17-year-old from Cavendish gets pilot licenseBy Christian Avard
Staff Writer | September 25,2013PHOTO PROVIDED
Seventeen-year-old Ricky Chambers of Cavendish prepares for take off at a local airport. Chambers, a senior at Green Mountain Union High School, flew solo to Augusta, Maine, to take his pilot’s exam and passed with flying colors. He hopes to attend aviation school after graduation.CAVENDISH — The sky’s the limit for a Cavendish teenager who earned his pilot’s license recently.
Ricky Chambers, 17, flew solo Sept. 15 in a single-engine plane to Augusta, Maine. He performed several maneuvers, including landing in a simulated emergency situation.
The Green Mountain Union High School senior passed his test and said it was “no big deal” because he knew what to do and was confident in his abilities.
“I had to do steep 45-degree turns and perform different landings,” Chambers said. “I got to the base leg of the traffic pattern, lined up for the runway and the power (went) off.”
That’s when Chambers was instructed to “land the plane.”
Chambers was introduced to flying at an early age, while a student at Cavendish Town Elementary School. His fourth-grade class took weekly field trips to the Rutland Armory and attended a program called Starbase, where students learned about astronomy, physical science and flying.
His class also visited the regional airport in North Clarendon. They sat in planes, toured the hangars and teachers taught them about aviation.
In July 2011, when Chambers was 15, he took an introductory flight course in Keene, N.H. According to his mother, Krissy Chambers, he boarded a small plane with his instructor and took off into the sky.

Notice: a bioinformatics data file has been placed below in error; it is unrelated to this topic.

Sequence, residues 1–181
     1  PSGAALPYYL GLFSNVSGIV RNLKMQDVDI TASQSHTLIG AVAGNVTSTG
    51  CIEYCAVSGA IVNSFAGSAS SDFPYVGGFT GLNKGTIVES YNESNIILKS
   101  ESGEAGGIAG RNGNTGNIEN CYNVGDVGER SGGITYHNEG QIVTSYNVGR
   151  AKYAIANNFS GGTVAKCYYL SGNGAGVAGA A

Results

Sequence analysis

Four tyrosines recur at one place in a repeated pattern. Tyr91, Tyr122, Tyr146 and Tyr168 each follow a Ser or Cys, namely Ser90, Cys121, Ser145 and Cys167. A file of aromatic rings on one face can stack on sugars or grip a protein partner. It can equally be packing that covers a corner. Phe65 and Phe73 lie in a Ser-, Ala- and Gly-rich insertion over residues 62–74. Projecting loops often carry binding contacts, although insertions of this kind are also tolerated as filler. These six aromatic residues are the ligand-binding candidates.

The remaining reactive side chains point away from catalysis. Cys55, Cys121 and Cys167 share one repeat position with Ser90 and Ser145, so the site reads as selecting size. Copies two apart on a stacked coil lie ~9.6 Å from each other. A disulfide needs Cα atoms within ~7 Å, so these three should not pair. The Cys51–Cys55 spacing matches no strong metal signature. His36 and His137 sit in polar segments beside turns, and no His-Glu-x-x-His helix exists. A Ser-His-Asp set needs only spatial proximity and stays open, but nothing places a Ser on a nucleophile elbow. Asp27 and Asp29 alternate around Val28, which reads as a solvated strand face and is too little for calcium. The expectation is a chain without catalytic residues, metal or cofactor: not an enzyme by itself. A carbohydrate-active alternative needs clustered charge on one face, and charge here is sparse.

“Once they got to the end of the runway the instructor allowed him to run the controls for takeoff. That first flight was incredible,” Krissy Chambers said.
When Chambers got his driver’s license, he drove himself to Keene for weekly flying lessons. After all the hard work, Chambers’ instructor, Matt McKeon of Green River Aviation, gave him the go-ahead to fly solo at age 16.
“Oh yeah, I was nervous,” Krissy Chambers said. “I knew his instructor would not let him do it if he was not ready. Because of (Matt), I was very confident in Ricky’s abilities.”
“Most kids who start at an early age either love and stick with it or they get consumed by typical teenage things. In Ricky’s case, he put a huge effort into it. He paid for it all himself. He worked really hard to make it happen,” McKeon said.
Chamers took more lessons in his junior year of high school. He passed his written exam this summer and logged 15 hours of solo flying prior to his flying exam.
Now Chambers is looking to the future. After graduation, he hopes to attend aviation school. He hopes to become a bush pilot, where he can fly in and out of remote areas.
“I’d like to fly commercially up north for a fishing lodge and the like,” Chambers said. “Flying is something different. It’s just incredible, like you’re going against all motion and forces of gravity. You’re floating in air. It’s really neat to get a different perspective.”
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